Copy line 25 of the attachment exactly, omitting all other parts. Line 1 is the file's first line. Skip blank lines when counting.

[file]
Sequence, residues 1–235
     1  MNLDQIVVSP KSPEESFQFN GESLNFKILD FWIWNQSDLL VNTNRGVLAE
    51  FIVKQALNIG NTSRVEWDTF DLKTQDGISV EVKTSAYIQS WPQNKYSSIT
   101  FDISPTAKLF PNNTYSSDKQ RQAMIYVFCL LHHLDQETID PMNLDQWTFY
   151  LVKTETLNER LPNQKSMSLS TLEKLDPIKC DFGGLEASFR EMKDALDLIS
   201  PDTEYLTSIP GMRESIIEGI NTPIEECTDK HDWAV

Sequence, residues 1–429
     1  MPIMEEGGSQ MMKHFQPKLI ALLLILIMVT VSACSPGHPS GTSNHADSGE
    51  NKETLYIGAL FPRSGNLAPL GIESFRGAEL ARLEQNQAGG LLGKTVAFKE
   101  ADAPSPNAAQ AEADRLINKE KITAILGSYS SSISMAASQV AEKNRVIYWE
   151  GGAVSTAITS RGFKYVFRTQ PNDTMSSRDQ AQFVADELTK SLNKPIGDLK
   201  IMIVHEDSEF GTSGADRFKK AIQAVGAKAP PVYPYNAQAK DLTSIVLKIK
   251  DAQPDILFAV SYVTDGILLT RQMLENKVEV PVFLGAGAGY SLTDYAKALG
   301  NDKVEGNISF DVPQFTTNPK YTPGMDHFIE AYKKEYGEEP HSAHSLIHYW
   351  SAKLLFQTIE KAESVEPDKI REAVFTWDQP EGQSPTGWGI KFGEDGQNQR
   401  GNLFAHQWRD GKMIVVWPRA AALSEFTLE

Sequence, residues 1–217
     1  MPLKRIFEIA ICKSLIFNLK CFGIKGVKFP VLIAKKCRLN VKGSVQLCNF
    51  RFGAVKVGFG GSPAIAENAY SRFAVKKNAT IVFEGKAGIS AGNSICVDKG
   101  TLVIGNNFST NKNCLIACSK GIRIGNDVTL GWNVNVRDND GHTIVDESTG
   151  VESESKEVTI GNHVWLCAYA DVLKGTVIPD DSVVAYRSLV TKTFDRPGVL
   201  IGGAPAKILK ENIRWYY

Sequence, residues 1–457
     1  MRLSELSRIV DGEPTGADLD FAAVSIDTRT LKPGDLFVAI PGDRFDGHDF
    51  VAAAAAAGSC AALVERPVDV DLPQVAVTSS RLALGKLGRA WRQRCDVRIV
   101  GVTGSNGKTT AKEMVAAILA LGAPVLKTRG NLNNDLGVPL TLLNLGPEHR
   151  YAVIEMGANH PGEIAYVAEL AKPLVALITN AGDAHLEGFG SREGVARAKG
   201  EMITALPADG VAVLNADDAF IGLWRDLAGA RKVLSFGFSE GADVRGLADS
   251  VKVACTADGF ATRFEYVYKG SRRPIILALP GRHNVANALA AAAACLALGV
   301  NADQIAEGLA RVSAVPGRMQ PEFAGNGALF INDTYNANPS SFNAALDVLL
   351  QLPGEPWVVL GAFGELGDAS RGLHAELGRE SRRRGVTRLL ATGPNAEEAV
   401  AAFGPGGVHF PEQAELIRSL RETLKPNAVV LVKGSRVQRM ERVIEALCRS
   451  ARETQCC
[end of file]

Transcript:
    51  VAAAAAAGSC AALVERPVDV DLPQVAVTSS RLALGKLGRA WRQRCDVRIV